The New York state Senate has passed the “Twenty-First Century Antitrust Act” (S. 933) to amend its state antitrust law, radically changing the risks of doing business in New York. It ostensibly aims at so-called “Big Tech,” but applies to all businesses, even those having very little contact with New York. If enacted by the Assembly and signed into law by the Governor, the bill would have three primary implications:
- The bill requires merger filings in New York 60 days before closing for a huge number of relatively small deals with little connection to New York—covering many more deals than are currently filed with the federal agencies under HSR. This may require major changes in how businesses track and report deals.
- The bill adopts European-style “abuse of dominance” limits for conduct that US law has been more likely to view as aggressive, beneficial competition. It then goes further than European competition law by presuming firms with more than a 40% share are dominant, eliminating any defense that conduct had procompetitive effects, and applying special stricter provisions in labor markets. Antitrust enforcers often define very narrow markets—such as “entry-level on-premises sparkling wine”—so even smaller businesses might be surprised to find themselves deemed “dominant.” Businesses could thus find routine practices such as minimum volume commitments or bundled pricing have become illegal, and will be barred from raising basic defenses. The bill also allows the NY Attorney General to make rules to define practices as abuses of dominance. The bill also allows private individual and class actions with treble damages. These provisions may well render routine business practices illegal or impracticably risky even when the practices were procompetitive—the opposite of the bill’s intent.
- The bill prohibits monopolization, not previously covered by the Donnelly Act, and makes it a possible criminal offense (as well as allowing private claims). The federal government has for many decades declined to bring criminal monopolization cases. While New York will hopefully follow that established, bipartisan principle, if it doesn’t, businesses could be at risk of criminal penalties for conduct that might not be obviously illegal, or that might have seemed perfectly lawful and commonplace. Some indications during the legislative process unfortunately suggest that New York may well intend to make use of this new criminal monopolization authority.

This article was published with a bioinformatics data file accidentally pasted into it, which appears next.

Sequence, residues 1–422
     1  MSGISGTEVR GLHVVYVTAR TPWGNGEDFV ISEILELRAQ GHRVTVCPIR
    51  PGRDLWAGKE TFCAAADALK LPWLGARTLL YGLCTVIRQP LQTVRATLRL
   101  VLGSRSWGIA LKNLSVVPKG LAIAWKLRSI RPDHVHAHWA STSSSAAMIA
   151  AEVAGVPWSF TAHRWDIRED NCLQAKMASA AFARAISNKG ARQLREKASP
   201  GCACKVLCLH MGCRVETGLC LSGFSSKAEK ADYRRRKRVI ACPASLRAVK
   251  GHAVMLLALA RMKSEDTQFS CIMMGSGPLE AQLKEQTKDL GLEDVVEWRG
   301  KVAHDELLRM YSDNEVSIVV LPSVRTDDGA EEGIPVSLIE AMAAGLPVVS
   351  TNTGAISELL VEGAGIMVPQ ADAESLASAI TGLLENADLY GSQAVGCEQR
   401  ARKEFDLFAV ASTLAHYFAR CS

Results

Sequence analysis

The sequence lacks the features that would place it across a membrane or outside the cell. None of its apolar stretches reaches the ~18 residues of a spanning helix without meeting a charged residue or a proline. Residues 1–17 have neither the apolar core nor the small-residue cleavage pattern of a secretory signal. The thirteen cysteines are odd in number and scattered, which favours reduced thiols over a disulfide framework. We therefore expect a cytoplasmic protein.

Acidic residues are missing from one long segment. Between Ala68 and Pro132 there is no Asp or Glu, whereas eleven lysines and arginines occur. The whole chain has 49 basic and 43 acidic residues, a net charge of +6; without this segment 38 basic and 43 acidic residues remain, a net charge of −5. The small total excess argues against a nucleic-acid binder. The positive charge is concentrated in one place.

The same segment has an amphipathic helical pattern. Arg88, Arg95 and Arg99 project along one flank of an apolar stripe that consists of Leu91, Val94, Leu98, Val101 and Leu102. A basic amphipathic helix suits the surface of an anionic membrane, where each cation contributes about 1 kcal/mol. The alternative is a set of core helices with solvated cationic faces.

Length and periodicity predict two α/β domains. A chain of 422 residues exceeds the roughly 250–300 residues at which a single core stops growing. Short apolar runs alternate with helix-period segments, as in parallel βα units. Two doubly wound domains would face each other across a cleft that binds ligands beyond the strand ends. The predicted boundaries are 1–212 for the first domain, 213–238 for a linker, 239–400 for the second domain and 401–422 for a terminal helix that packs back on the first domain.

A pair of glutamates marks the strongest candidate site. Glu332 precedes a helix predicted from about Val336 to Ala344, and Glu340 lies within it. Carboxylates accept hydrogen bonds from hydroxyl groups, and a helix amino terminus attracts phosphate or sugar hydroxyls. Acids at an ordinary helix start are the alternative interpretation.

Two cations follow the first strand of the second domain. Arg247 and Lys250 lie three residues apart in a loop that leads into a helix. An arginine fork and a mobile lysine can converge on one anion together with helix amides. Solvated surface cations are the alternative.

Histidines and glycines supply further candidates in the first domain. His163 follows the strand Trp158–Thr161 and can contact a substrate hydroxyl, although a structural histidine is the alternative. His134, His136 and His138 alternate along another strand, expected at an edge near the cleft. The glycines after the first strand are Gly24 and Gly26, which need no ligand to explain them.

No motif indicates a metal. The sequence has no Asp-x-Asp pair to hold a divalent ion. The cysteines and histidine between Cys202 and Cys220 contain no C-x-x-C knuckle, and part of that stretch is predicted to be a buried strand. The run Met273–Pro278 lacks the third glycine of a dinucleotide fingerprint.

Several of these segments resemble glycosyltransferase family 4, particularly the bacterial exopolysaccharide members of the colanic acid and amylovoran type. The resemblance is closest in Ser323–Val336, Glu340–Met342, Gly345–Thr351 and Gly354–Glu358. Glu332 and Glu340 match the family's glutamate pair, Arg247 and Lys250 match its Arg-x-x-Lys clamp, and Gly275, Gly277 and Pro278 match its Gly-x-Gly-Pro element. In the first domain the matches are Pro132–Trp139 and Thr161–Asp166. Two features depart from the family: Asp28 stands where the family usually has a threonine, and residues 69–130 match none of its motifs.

The Bill’s Changes to New York’s State Antitrust Law
Creating a 60-day premerger notification obligation for transactions of $9.2 million or more will seriously burden many businesses
The bill creates an obligation to notify the NY Attorney General 60 days before the closing of any transaction that leads the acquirer to hold voting securities or assets of the acquired person exceeding 10% of the federal HSR thresholds. Currently that would be a transaction exceeding $9.2 million where one of the parties has annual net sales or total assets of more than $10 million and the other has annual net sales of more than $1 million (with some exceptions) or a transaction exceeding $36.8 million. The bill does not require much of a connection to New York, covering any transaction as long as either the acquiring or acquired firm has assets or annual net sales in New York exceeding 2.5% of the larger federal HSR threshold. Currently that would be $9.2 million. The bill includes a series of exceptions similar to those in the federal Hart-Scott-Rodino (HSR) Premerger Notification Act, such as the purchase of goods in the ordinary course. Failure to file on time will result in a penalty of $10,000 for each day a party is in violation, which the New York Attorney General can seek against both the company and individually against its officers and directors (or partners).
The very low value thresholds combined with the bill’s sweeping applicability are likely to create serious burdens for business. For example, today executive compensation with voting shares is subject to HSR, but relatively rarely triggers a filing due to the high thresholds. Because the $9.2 million threshold is cumulative, it can lead to surprising results; for example, an executive who received stock now worth $902,000 each year over the course of 10 years would likely be required to make a filing. Similarly, if a large firm headquartered in and operating in New York sold assets in Arizona valued at over $9.2 million to a firm that operates only in California, a filing would be required. The law could also impact index funds, which will routinely hold positions of more than $9.2 million in their benchmark companies. Filing obligations under the bill would likely dwarf those currently required under HSR.
Some of the burden of the filing system may be ameliorated by the relatively simple information required—the names of the parties, a description of the assets being acquired, and the anticipated date of closing—as well as the fact that the notification does not suspend the parties’ ability to close. That said, the New York Attorney General will have the ability to subpoena further information about any transaction in which it interested.
More concerning is the impact of the bill’s timing requirement on unproblematic transactions—as many of these smaller deals will be. The bill requires filing 60 days before closing—double the initial HSR waiting period of 30 days and four times the length of the period that obviously unproblematic transactions typically face given early termination (when that was available). For transactions that are HSR reportable, the bill requires that a copy of the HSR be provided to the NY Attorney General “at the same time that they file those materials with…federal agencies.” However, it is unclear whether that provision intends to exempt HSR-reportable transactions from the full 60-day waiting period, or whether this is an added obligation.